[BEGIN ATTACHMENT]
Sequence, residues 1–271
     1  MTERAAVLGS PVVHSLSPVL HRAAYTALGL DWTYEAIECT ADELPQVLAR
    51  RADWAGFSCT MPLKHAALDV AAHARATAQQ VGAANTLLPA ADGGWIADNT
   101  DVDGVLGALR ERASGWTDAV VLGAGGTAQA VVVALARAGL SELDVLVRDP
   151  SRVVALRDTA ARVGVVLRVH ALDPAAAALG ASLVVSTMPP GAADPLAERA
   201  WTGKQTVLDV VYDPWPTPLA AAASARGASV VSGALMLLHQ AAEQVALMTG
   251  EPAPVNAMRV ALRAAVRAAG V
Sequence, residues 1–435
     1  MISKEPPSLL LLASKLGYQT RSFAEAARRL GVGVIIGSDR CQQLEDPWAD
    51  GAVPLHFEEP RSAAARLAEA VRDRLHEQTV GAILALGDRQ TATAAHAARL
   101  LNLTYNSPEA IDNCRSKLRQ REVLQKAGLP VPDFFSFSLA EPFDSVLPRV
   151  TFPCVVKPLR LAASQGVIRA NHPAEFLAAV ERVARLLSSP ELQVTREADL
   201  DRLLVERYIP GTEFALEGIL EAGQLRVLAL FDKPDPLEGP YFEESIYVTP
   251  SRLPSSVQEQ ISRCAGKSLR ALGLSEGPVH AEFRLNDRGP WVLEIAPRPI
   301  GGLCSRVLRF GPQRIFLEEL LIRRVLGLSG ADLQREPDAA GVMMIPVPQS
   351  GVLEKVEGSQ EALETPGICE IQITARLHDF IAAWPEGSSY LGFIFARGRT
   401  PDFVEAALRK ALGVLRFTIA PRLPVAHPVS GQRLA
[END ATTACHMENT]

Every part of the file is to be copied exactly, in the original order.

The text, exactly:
Sequence, residues 1–271
     1  MTERAAVLGS PVVHSLSPVL HRAAYTALGL DWTYEAIECT ADELPQVLAR
    51  RADWAGFSCT MPLKHAALDV AAHARATAQQ VGAANTLLPA ADGGWIADNT
   101  DVDGVLGALR ERASGWTDAV VLGAGGTAQA VVVALARAGL SELDVLVRDP
   151  SRVVALRDTA ARVGVVLRVH ALDPAAAALG ASLVVSTMPP GAADPLAERA
   201  WTGKQTVLDV VYDPWPTPLA AAASARGASV VSGALMLLHQ AAEQVALMTG
   251  EPAPVNAMRV ALRAAVRAAG V
Sequence, residues 1–435
     1  MISKEPPSLL LLASKLGYQT RSFAEAARRL GVGVIIGSDR CQQLEDPWAD
    51  GAVPLHFEEP RSAAARLAEA VRDRLHEQTV GAILALGDRQ TATAAHAARL
   101  LNLTYNSPEA IDNCRSKLRQ REVLQKAGLP VPDFFSFSLA EPFDSVLPRV
   151  TFPCVVKPLR LAASQGVIRA NHPAEFLAAV ERVARLLSSP ELQVTREADL
   201  DRLLVERYIP GTEFALEGIL EAGQLRVLAL FDKPDPLEGP YFEESIYVTP
   251  SRLPSSVQEQ ISRCAGKSLR ALGLSEGPVH AEFRLNDRGP WVLEIAPRPI
   301  GGLCSRVLRF GPQRIFLEEL LIRRVLGLSG ADLQREPDAA GVMMIPVPQS
   351  GVLEKVEGSQ EALETPGICE IQITARLHDF IAAWPEGSSY LGFIFARGRT
   401  PDFVEAALRK ALGVLRFTIA PRLPVAHPVS GQRLA